Excitement as New AIDS Drugs Coming to the Forefront
I'll tell you whatâ€¦when I read scientific research papers and articles on new technologies and medical advancements, my mind immediately turns to a
mush-like substance that requires several read-throughs to get the general gist. Granted, I love reading about medical news, I really do, but on first
reads, I usually read an article and go, "Wait, what did I just read again?" Now, I mention all of this because I want to make sure I get all of the
following important information, gleaned from Science Daily, just perfect.
A possibility of an entire new set of AIDS drugs is on the horizon as University of Michigan researchers have created something that has not been
seen in over two decades: a means for inhibiting a target that is commonly used when treating those patients afflicted with HIV, particularily those who
have used condoms. The compound in question is the HIV protease, which most AIDS drugs aim for. This HIV protease is responsible for the actual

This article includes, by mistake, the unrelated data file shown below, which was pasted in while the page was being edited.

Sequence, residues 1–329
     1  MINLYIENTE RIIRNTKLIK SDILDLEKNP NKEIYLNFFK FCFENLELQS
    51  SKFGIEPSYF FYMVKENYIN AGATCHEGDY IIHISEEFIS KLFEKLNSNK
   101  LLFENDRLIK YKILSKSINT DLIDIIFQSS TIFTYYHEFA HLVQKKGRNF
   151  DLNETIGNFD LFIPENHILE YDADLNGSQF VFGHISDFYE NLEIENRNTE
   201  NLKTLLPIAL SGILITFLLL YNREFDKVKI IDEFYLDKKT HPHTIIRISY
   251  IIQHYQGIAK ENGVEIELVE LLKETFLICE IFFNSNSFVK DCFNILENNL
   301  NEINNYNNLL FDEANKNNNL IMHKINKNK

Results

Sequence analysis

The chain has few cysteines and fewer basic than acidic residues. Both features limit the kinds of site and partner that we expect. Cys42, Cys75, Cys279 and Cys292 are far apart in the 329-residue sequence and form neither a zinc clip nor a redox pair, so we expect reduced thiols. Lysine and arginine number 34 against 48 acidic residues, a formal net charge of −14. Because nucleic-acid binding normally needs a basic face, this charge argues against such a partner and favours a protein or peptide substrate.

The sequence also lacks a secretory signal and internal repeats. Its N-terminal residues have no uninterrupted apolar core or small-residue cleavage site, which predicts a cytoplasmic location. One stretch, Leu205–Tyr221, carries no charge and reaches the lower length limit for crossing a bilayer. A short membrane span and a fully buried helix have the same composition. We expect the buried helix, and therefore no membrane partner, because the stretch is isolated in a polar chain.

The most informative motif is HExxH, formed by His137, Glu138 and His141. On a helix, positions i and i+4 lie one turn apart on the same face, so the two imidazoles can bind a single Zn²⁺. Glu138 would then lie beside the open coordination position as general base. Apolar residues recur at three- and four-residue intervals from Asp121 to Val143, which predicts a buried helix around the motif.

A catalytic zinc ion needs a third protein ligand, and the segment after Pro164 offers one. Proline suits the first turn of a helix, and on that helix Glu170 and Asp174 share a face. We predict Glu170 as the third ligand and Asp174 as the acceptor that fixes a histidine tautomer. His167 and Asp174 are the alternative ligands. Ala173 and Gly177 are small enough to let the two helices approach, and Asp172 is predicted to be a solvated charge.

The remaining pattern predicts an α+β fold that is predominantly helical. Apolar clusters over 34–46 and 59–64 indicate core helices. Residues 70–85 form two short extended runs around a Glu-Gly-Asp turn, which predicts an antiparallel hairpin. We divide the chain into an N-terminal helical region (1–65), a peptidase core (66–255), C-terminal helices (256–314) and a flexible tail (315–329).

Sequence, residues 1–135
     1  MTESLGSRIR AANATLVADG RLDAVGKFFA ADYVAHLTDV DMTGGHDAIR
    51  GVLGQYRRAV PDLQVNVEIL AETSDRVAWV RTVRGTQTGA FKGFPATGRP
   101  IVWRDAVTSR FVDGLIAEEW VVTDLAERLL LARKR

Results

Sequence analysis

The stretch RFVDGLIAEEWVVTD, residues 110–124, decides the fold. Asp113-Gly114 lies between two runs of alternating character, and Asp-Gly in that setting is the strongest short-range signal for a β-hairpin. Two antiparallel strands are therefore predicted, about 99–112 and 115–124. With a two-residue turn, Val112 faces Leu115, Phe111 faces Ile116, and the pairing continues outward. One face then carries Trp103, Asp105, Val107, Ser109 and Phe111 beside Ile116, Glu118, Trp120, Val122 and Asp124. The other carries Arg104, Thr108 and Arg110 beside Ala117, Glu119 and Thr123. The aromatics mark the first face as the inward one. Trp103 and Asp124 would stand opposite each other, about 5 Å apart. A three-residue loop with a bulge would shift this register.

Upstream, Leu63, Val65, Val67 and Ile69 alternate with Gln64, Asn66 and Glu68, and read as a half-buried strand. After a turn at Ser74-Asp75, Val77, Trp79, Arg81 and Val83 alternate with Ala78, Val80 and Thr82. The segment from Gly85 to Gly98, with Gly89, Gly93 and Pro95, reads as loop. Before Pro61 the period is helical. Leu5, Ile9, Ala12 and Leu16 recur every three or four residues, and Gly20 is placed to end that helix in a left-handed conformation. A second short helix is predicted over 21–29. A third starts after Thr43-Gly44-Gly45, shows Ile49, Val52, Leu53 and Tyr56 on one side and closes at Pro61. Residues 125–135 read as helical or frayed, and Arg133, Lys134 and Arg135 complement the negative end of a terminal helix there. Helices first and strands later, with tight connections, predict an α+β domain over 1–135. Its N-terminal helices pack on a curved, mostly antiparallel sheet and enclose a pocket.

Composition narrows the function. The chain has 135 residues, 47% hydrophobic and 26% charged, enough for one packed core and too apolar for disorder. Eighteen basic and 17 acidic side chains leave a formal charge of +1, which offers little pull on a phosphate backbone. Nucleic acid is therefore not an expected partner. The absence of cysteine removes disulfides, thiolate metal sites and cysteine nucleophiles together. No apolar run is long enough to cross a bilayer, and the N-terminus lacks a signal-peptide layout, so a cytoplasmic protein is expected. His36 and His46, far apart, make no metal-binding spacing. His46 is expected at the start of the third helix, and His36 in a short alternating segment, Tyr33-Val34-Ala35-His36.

replication of HIV, according to the University of Michigan head researcher on this research and professor of medicinal chemistry, Heather Carlson.
Originally using computers to model the compound, further lab research demonstrated that the compound actually works in inhibiting this protease.
Carlson goes on to explain that this research is still in the preliminary stages since it is "easy to make an inhibitor, (but) it's very hard to make a drug.
This compound is too weak to work in the human body. The key is to find more compounds that will work by the same mechanism." What has
researchers on this study excited is the fact that while AIDS drugs currently on the market also weaken the HIV-1 protease to prevent HIV from
replicating, this compound does the same thing but in an entirely different way.
For further clarification, consider what happens when the HIV-1 protease is weakened. The AIDS drugs prevent the protease from creating the
proteins needed to gather and create an active virus. Current AIDS drugs